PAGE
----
Alcott describes how, after returning home and discovering that Amy has burned her precious manuscript, Jo’s “hot temper mastered her, and she shook Amy till her teeth chattered in her head, crying, in a passion of grief and anger,—‘You wicked, wicked girl! I can never write it again, and I’ll never forgive you as long as I live!’” Jo is still furious the following day, when she and Laurie decide to go skating on the Concord River before the last ice of winter melts. Amy, who has tried in vain to apologize, runs after them but fails to hear Laurie’s warning to “Keep near the shore; it isn’t safe in the middle.” Because Jo is still “taking a bitter, unhappy sort of satisfaction in her sister’s troubles,” she doesn’t warn Amy either.

Thus abandoned, Amy skates into the middle of the river and immediately falls through the ice. Panic ensues, and it is only with Laurie’s “self-possessed” guidance that Jo manages to help save her sister’s life. Later, when Amy is sleeping by a hot fire, Jo bursts into “a passion of penitent tears,” confessing to Marmee that when “my dreadful temper” takes hold, “I get so savage, I could hurt any one, and enjoy it. I’m afraid I shall do something dreadful some day, and spoil my life, and make everyone hate me. Oh, mother! help me, do help me!”

That is when Marmee confides, “I am angry nearly every day of my life,” and tells Jo about her 40-year struggle “not to show it,” and ultimately “not to feel it.” In the novel—not the film—Marmee concludes by admonishing Jo, “Keep watch over your ‘bosom enemy’ [meaning Apollyon, the “fault” in her soul]…before it brings you greater sorrow and regret than you have known today.” In the vanished world of moralizing sitcoms, this preachy bit was known in the industry as the MOS, short for “moment of shit.” Little Women contains many such moments, but that does not make it a sitcom, because these two central characters possess a depth and complexity that go beyond facile moralizing.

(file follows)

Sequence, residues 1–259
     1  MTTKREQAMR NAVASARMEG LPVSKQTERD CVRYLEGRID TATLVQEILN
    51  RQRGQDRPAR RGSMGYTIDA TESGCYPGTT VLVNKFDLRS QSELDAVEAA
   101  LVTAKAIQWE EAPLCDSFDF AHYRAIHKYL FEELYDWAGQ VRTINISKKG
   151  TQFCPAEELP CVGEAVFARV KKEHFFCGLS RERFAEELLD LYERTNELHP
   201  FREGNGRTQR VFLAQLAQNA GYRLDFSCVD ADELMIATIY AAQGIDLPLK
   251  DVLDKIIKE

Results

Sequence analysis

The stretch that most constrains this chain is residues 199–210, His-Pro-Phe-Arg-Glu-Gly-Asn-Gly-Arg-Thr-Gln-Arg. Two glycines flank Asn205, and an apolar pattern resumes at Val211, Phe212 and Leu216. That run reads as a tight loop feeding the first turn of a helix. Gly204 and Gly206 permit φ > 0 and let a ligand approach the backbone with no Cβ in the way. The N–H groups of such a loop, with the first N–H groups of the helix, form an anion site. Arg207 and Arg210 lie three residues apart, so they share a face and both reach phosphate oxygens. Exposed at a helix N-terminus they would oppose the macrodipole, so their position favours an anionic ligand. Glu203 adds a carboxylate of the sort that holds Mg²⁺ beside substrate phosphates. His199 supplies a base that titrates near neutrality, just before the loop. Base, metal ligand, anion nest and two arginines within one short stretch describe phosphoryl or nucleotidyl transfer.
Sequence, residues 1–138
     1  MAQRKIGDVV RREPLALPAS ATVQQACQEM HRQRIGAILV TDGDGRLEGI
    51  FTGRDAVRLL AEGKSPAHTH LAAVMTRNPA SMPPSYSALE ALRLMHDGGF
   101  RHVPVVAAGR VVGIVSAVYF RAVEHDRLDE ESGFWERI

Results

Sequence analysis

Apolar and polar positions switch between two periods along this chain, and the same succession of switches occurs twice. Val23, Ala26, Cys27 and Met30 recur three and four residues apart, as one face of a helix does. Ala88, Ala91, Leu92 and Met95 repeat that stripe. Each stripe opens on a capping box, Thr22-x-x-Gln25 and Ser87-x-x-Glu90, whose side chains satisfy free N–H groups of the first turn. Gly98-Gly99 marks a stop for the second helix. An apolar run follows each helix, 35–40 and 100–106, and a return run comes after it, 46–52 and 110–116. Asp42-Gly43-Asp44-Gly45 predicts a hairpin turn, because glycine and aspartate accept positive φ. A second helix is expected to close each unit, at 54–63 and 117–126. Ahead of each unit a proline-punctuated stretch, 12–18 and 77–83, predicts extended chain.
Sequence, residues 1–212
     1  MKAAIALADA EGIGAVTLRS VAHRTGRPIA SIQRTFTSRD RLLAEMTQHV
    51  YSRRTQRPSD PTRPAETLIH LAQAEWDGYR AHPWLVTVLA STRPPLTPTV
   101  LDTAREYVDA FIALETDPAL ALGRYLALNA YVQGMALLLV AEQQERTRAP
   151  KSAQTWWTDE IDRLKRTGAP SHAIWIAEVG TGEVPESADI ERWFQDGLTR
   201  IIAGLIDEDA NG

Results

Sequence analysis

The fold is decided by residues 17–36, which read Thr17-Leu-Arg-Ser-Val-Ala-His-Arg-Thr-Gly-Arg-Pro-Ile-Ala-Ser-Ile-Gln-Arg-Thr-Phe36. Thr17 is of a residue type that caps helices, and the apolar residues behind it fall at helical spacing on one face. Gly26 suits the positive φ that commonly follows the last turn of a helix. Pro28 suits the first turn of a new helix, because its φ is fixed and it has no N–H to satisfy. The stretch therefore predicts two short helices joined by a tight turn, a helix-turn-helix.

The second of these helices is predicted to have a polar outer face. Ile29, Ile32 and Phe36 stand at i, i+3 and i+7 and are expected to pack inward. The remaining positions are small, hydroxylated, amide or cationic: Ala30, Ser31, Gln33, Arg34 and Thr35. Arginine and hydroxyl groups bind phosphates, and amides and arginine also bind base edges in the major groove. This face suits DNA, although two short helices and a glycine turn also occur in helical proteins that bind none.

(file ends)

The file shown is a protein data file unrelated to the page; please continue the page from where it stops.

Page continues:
Escaping Vanity Fair

By this standard, Gerwig’s film pales by comparison to the three-part BBC series that aired on PBS’s Masterpiece in spring 2017. That series, directed by Vanessa Caswill and written by Heidi Thomas, is not perfect: the opening scene of the sisters getting dressed is weirdly voyeuristic; Amy is played by yet another zaftig 20-something; and the art director sprays far too much fake snow on the green landscape of Ireland, where the series was filmed. But these flaws are outweighed by huge merits, chief among them the inspired casting of Maya Hawke as Jo, Jonah Hauer-King as Laurie, and most of all, Emily Watson as Marmee. No other actress, least of all Laura Dern, can hold a candle to Watson’s brilliant performance.

As noted above, Marmee was modeled on Alcott’s mother, Abigail May. Born in 1800, Abigail was the child of a pedigreed Boston family who, in keeping with the custom of the time, sent its daughters to primary school only, then kept them at home while their brothers went on to secondary school, followed (in most cases) by Harvard. As it happened, Abigail’s father and favorite brother recognized her abilities and provided her with a hand-me-down version of male education—and in the process ignited a flame of reformist zeal that was very much in keeping with the times.

Some of that zeal came from England, where Mary Wollstonecraft’s A Vindication of the Rights of Woman had appeared in 1792. Based on the proposition that true virtue requires the exercise of reason, Wollstonecraft argued forcefully that female education, as understood by the upper classes of 18th-century England and France, was depriving girls of the chance to become fully developed human beings. Taking aim at the views of female education held by thinkers as profound as Jean-Jacques Rousseau and as shallow as John Gregory (author of a popular tract on the subject), Wollstonecraft insisted that the “whole purport” of these views was “to degrade one half of the human species, and render women pleasing at the expense of every solid virtue.”